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Pratyahara is the practice of drawing the senses inward. When you decrease stimulation to the senses, your inner light shines. If we truly quiet the mind and withdraw from the stimulation of the senses, the inner flame that we all have within has a chance to be revealed and we are open to infinite wisdom. Pratyahara brings us to silence, preparing us for meditation.
The senses are how we define our world. When the ego directs outward, we believe we are all the actions we take and we slowly lose touch with our TRUE selves…who we REALLY are. When we neglect to take time for silence, we forget that we are not our actions, but that we are who we ARE. This can be very dangerous for us, for if we lose these abilities or these “things” that we believe we are, then our world crumbles.
The goal of Pratyahara is to notice the thoughts and feelings that arise during this exercise. Just accept them without judgment, and patiently place them aside to be dealt with later. We are not these feelings or ideas. These are the waves of the mind. The ultimate goal of yoga is to calm the waves of the mind. Yoga Chitta Vritti Nirodha.
There is a serious lack of direction in the Yoga Sutras about this concept. Only two verses are dedicated to this concept and it only mentions the benefits of this practice…not how to actually do it.
Overall, it is important as a yogi to decrease the distractions of the mind. That’s pretty hard these days when there is SO MUCH information coming at us from all directions. My overall suggestion? Turn off the TV, put your phone down and spend time in silence. Talk with your family, listen to relaxing music or read a feel-good book. Slow down the speediness of your life and enjoy moments of peace. Put them in your planner and make it a daily habit!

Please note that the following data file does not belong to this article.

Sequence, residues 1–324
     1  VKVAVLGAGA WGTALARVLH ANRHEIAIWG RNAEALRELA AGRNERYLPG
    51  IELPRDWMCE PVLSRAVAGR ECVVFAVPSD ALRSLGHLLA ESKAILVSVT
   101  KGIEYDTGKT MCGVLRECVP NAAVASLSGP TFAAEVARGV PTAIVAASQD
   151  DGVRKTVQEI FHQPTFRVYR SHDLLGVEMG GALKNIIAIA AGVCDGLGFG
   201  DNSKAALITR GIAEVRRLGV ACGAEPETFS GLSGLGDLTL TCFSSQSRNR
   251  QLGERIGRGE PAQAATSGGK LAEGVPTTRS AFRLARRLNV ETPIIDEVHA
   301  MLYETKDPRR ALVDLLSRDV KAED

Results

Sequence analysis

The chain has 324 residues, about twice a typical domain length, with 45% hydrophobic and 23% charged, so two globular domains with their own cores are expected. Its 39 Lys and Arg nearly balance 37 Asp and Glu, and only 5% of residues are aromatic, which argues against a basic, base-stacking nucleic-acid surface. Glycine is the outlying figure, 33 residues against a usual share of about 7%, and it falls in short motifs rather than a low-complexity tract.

Traditional Yoga has developed techniques to address the idea of Pratyahara. Including Yoni Mudra, Candle Gazing, and Auditory Focus. We all have an affinity to different practices.
- Yoni Mudra: Sitting in a relaxed position, place the index fingers over the eyelashes, the middle fingers on the bridge of the nose, the ring fingers above the lips and the small fingers below the lips and the thumbs gently over the ears. Keep the hands relaxed to help relax the arms. Place the awareness on the middle of the chest and breathe slowly. The fingertips symbolically seal the senses allowing the mind to take a break from sensory input. Begin practice from three to five minutes and if you’d like slowly increase. Come out of the practice slowly and notice how the senses influence the quality of the mind.
- Candle Gazing: Sit twenty inches from the flame of a candle placed at eye level. Observe the flame with the eyes. While focused on the flame, bring your awareness to a flame in the center of your chest. Soften the eyes and let the images come to you. Close the eyes if you feel any strain.
- Auditory Focus: Find a music track that you enjoy that has a continuous tone in the background. I like the last track on this album HERE and have been using one just like it for over a decade. Sitting in a relaxed position, close your eyes and focus on that background tone, try not to allow the other sounds on the track distract you from your focus. Begin practicing from three to five minutes and slowly increase duration if you like.
Pratyahara is an often overlooked element in current yoga practices. But it is a very powerful method to prepare the mind and body for concentration and meditation. Spend some time with the above exercises and see what one is right for you.